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EARTH SCIENCE > Atmosphere > Atmospheric Temperature > Air Temperature

16 record(s)

 

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  • Microclimate data collected hourly at Mars Oasis, for 13 climatic variables via automatic data loggers, from 2000-2019. Data is not available across the entire temporal range for all variables. NERC funded under the British Antarctic Survey National Capability programme, Polar Science for Planet Earth.

  • Microclimate data collected hourly at Jane Col, for 12 climatic variables via automatic data loggers, 2007-2016. Data is not available across the entire temporal range for all variables. NERC funded under the British Antarctic Survey National Capability programme, Polar Science for Planet Earth.

  • Microclimate data collected hourly at Anchorage Island, for 15 climatic variables via automatic data loggers, from 2001-2009. Data is not available across the entire temporal range for all variables. NERC funded under the British Antarctic Survey National Capability programme, Polar Science for Planet Earth.

  • Microclimate data collected hourly at Coal Nunatak, for 10 climatic variables via automatic data loggers, 2006-2019. Data is not available across the entire temporal range for all variables. NERC funded under the British Antarctic Survey National Capability programme, Polar Science for Planet Earth.

  • The data consists of 30 minute observations recorded by an automatic weather station (iWS 18) in Cabinet Inlet on Larsen C Ice Shelf on the Antarctic Peninsula. The iWS consists of a custom-built weather station unit, assembled at the Institute of Marine and Atmospheric research Utrecht (IMAU). There are sensors for air temperature, surface air pressure, relative humidity, as well as a GPS, an acoustic snow height sensor, an ARGOS communication antenna, and three Lithium batteries that fuel the unit when solar radiation is absent. The unit is complemented by a propeller-vane Young anemometer measuring wind direction and speed. Additionally, all radiation fluxes are measured with a Kipp and Zonen CNR4 radiometer. This dataset runs from 25 November 2014 to 13 November 2017. Funding was provided by the NERC grant NE/L005409/1.

  • The data consists of 30 minute observations recorded by an automatic weather station (iWS 18) in Cabinet Inlet on Larsen C Ice Shelf on the Antarctic Peninsula. The iWS consists of a custom-built weather station unit, assembled at the Institute of Marine and Atmospheric research Utrecht (IMAU). There are sensors for air temperature, surface air pressure, relative humidity, as well as a gps, an acoustic snow height sensor, an ARGOS communication antenna, and three Lithium batteries that fuel the unit when solar radiation is absent. The unit is complemented by a propeller-vane Young anemometer measuring wind direction and speed. Additionally, all radiation fluxes are measured with a Kipp and Zonen CNR4 radiometer. This dataset runs from November 2014 to January 2017. Funded was provided by the NERC grant NE/L005409/1. ***** PLEASE BE ADVISED TO USE VERSION 2.0 DATA ***** The VERSION 2.0 data set (see ''Related Data Set Metadata'' link below) has an additional 10 months of measurements.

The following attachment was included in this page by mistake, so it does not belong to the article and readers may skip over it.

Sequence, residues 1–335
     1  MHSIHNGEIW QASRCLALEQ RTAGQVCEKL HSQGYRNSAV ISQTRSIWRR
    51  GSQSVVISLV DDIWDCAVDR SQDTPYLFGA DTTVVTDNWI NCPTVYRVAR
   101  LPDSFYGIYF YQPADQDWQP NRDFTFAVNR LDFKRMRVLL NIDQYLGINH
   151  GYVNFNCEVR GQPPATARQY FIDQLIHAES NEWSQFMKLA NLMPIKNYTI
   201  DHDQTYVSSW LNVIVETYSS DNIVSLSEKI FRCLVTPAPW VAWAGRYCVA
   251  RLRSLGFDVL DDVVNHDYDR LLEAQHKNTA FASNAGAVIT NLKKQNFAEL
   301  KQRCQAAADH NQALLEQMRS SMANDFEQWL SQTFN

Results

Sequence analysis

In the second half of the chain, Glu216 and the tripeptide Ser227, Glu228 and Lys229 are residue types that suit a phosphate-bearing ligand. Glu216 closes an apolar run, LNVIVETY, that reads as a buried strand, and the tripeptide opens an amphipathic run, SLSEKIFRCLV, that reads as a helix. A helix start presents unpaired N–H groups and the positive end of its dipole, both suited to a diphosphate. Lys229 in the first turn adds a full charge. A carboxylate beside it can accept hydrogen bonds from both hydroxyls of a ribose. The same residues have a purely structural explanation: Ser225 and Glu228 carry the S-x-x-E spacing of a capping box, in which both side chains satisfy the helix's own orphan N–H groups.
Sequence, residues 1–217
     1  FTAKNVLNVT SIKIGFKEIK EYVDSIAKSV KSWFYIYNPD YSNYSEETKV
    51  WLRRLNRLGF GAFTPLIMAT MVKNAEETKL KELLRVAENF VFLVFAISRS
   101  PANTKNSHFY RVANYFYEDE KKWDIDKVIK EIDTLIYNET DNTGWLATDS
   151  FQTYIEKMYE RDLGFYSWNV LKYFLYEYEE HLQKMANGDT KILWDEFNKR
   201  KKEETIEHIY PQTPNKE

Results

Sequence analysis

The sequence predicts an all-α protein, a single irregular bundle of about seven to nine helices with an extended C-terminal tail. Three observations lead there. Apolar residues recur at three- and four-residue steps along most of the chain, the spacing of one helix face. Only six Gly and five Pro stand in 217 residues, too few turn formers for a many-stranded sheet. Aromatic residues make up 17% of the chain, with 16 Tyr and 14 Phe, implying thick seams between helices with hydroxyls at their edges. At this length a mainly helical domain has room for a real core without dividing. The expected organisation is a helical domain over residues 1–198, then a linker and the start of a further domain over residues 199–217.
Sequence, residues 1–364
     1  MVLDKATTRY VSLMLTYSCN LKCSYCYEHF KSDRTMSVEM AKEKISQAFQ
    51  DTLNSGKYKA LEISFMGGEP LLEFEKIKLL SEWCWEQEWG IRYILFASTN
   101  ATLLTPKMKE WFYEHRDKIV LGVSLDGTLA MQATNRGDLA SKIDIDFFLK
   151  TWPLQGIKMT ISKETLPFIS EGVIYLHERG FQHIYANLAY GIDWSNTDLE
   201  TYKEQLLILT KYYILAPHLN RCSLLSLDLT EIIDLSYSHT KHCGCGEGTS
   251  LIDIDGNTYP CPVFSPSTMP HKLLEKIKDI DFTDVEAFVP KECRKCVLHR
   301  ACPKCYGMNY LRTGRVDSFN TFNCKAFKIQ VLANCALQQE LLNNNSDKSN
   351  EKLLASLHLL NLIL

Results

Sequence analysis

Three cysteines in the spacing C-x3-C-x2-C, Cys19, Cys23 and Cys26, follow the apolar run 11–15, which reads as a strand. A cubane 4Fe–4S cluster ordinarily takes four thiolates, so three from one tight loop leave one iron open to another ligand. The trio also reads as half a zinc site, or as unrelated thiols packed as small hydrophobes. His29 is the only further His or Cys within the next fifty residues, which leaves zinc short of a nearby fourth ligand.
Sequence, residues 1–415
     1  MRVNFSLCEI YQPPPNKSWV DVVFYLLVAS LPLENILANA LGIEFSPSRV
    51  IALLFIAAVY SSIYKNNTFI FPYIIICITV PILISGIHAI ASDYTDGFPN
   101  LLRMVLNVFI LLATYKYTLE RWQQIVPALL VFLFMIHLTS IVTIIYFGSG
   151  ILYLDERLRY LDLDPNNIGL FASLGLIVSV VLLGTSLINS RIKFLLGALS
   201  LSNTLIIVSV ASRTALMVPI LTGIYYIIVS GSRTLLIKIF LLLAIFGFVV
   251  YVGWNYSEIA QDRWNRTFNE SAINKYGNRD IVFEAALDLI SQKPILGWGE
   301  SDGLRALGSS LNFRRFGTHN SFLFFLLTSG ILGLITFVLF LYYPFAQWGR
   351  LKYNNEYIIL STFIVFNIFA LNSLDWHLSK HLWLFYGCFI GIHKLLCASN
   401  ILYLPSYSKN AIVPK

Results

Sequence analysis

• Temperature, pressure, wind speed and wind direction from two automatic weather stations on the Brunt Ice Shelf that operated during 2015.

  • Weather Research and Forecasting (WRF) model output for Larsen Ice Shelf, run at 1km resolution. Modelling was carried out to support the Orographic Flows and the Climate of the Antarctic Peninsula (OFCAP) project during the 2010-2011 field season.

  • UK Met Office UM (Unified Model) output for Larsen Ice Shelf, run at 4km resolution. Modelling was carried out to support the Orographic Flows and the Climate of the Antarctic Peninsula (OFCAP) project during the 2010-2011 field season.

  • READER (REference Antarctic Data for Environmental Research) is a project of the Scientific Committee on Antarctic Research (SCAR http://www.scar.org/) and has the goal of creating a high quality, long term dataset of mean surface and upper air meteorological measurements from in-situ Antarctic observing systems. These data will be of value in climate research and climate change investigations. The primary sources of data are the Antarctic research stations and automatic weather stations. Data from mobile platforms, such as ships and drifting buoys are not being collected since our goal is to derive time series of data at fixed locations. Surface and upper air data are being collected and the principal statistics derived are monthly and annual means. Daily data will not be provided in order to keep the data set to a manageable size. With the resources available to the project, it is clearly not possible to collect all the information that could be required by the whole range of investigations into change in the Antarctic. Instead a key set of meteorological variables (surface temperature, mean sea level pressure and surface wind speed, and upper air temperature, geopotential height and wind speed at standard levels) are being assembled and a definitive set of measurements presented for use by researchers. A lot of stations have been operated in the Antarctic over the years; many for quite short periods. However, our goal here is to provide information on the long time series that can provide insight into change in the Antarctic. So to be included, the record from a station must extend for 25 years, although not necessarily in a continuous period, or be currently in operation and have operated for the last 10 years. In READER we have chosen to use only data from year-round stations.